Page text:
Report: ANIE General Meeting – The status of the technology industry


The economic situation connected to the technology sector was the focus of the annual ANIE (National Federation of Electro-technical and Electronic Companies) General Meeting held in Milan last June, which saw the attendance of Claudio Andrea Gemme (President of ANIE), Giorgio Squinzi (President of Confindustria, the General Confederation of Italian Industry) and the economist Alberto Alesina. Here's the ANIE roadmap and the results of the survey which was presented during the event.

Growing with innovation

The impact of 4% of the R&D investments on the turnover is proof of the commitment of ANIE-connected companies (with 1,289 associate companies, a total turnover for 2011 equal to 71 billion euro and 450 thousand employees) to innovation and the applicative development of new technologies.

President Squinzi believes this is the key to go beyond the falling percentages in the economy, both in Italy and abroad. ANIE sets itself up as a “Technology House”, which is able to answer to the ‘intelligence’ needs originating from the most varied sectors, such as construction, transport, electrical and energy market, health and education. Infrastructural investments can bring a sweeping change. From here comes the proposal to invest in the ameliorative maintenance of existing structures, which need to be made compliant and technologically enhanced.

ANIE research

In June 2012, ANIE conducted a survey on a sample of 150 companies, which were situated primarily in the North (65%), to pinpoint the problems and solutions to the economic situation. 66% of those interviewed said the credit crunch was the biggest problem for companies, and it still persists due to the diffidence and scarce cash availability of the banks and to the excessive bureaucracy in accessing credit.

The alternative for ANIE companies cannot be found in the Stock Exchange: 72% do not believe in quotations as an alternative to financing (the contrary of what usually happens in the USA or the UK), even if 28% is confident of this possibility. The reactions to the crisis have seen the commitment to R&D prevail, with 29.6% of companies which has considered it important to invest in new products and technologies; this is followed by 24.1% which has implemented policies to reduce and curb costs, 11.1% also by diversifying activities, trying to find new market niches (7.4%), internationalising (5.6%) and re-organising the company (5.6%). Comforting data is that 91% has continued to invest (of these 45% in facilities and machinery, 43% in R&D, 12% for other purposes).

Who are the enemies of companies? First and foremost fiscal pressure (74%), followed closely by bureaucracy (73%), failure to invest in the internal market (67%) and delayed payments of the PA (50%).

The roots of the crisis

This aspect was handled in the speech by Alberto Alesina who identified the root of the imbalance in differences between community states in terms of productivity and public debt and in some elements which all states share, which are the banks, the speculative bubble, construction and the credit crunch.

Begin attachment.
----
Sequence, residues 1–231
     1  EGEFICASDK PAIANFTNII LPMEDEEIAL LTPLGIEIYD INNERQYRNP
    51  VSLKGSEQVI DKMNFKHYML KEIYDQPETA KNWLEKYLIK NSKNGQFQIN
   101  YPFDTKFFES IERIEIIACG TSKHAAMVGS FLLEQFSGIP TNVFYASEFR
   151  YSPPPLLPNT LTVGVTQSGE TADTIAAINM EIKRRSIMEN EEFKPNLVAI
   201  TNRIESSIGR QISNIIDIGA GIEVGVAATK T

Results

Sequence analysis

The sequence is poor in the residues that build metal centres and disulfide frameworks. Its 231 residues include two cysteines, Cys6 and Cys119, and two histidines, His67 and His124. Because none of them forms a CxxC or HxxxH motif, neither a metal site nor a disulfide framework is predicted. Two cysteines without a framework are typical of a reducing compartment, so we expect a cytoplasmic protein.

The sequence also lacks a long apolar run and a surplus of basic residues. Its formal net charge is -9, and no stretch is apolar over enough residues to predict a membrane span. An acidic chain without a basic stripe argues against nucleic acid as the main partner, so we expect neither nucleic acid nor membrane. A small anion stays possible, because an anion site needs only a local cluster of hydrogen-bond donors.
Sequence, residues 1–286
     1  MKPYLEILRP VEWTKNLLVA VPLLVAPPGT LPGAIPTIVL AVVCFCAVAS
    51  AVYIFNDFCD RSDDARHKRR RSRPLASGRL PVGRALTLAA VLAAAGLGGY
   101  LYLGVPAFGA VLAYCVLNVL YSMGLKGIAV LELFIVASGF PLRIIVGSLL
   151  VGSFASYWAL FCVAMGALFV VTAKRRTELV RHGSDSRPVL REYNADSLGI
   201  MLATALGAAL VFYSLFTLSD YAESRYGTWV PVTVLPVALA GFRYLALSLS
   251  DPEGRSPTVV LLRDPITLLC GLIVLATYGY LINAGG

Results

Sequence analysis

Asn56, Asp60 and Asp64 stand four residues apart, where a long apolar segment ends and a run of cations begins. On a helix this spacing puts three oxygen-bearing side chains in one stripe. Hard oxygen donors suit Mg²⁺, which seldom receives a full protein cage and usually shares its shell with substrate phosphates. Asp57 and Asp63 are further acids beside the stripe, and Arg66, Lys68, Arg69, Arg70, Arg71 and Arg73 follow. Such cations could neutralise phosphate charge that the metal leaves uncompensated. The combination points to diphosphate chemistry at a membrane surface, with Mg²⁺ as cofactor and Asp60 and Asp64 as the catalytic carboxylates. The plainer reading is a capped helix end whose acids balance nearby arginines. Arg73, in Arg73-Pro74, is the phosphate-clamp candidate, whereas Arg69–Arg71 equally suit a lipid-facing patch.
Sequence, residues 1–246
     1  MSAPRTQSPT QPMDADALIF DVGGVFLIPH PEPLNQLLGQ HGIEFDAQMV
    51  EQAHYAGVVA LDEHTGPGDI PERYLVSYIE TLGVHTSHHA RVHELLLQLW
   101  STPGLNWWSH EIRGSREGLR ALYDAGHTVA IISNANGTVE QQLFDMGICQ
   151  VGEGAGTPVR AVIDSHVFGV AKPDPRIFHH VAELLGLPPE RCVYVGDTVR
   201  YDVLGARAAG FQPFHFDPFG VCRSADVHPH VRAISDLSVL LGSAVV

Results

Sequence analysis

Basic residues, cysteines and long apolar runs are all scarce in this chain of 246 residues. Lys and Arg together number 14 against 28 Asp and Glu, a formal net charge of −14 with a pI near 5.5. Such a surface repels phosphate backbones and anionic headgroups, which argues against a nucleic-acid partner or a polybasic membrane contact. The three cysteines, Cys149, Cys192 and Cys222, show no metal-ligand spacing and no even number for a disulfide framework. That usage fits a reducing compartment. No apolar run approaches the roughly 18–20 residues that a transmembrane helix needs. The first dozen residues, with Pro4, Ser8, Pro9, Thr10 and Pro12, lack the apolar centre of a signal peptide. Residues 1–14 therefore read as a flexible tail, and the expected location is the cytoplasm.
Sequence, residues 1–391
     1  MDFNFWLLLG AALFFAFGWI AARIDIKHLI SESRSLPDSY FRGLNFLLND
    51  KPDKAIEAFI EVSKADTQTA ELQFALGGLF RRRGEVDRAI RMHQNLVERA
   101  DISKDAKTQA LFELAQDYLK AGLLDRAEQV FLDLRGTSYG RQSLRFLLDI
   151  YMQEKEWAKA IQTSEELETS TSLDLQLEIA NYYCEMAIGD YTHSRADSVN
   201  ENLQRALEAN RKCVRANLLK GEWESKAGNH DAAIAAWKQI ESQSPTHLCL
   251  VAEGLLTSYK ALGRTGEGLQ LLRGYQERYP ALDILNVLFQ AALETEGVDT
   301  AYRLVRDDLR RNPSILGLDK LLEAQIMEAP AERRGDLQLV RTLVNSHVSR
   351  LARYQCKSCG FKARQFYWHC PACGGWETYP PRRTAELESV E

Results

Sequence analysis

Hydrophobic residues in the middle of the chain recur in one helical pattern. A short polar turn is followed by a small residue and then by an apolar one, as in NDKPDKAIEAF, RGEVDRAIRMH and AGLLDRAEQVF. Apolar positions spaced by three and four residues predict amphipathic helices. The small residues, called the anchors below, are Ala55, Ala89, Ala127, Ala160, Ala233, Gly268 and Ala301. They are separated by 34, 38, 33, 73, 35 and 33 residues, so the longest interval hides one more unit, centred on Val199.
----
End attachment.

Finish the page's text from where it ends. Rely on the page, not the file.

The euro has paradoxically complicated things because its introduction has not seen the contemporary implementation of employment market reforms which would allow wage flexibility and increases in productivity, with the exception of Germany, with respect to which the other countries have found competitiveness.

The uncertainty on what actions to undertake and on the activity of the EU have made the economic situation even more “imbalanced” with the risk of recessive spiralling. In Italy, the 2012 GDP is expected to be slightly lower than what was expected, -0.8; part of the economy is resisting despite the credit crunch, but it is necessary to change the employment market, reduce taxes and public spending.

A difficult 2012: practical proposals

Another drop in the turnover of ANIE sectors overall (-2% approx.) is expected again in 2012, due to considerable structural problems which contribute to the emptiness of internal demand. On the other hand, the companies have become ever “smarter” in response to the new demands imposed by technological development, so ANIE asks for a national maintenance programme which allows to introduce every possible improvement in the existing property assets.

Looking at the energy efficiency in construction, according to recent IRES research, against an investment of 27 billion euro in technology, the increase in added value to 2020 would amount to 43 billion euro and the number of employed would grow by 311 thousand units. This would also lead to advantages and savings in safety. In this sense the public sector would provide the example, transforming public procurement into “an incubator of technological excellence and innovation”.

ANIE also asks for certainties in policies and an environment which is favourable to investments, open to foreign markets. Compared with the last employment reform by the Monti Government, 55% of the business men interviewed in the aforementioned ANIE survey consider the reform as still insufficient and 19% grossly insufficient; only 26% consider it positive but with room for improvement.

Finally, an assessment on the initiatives which the Government should take: promote greater normative clarity, a national and a regional energy plan for transports, drop in fiscal pressure, flexibility of the employment market.

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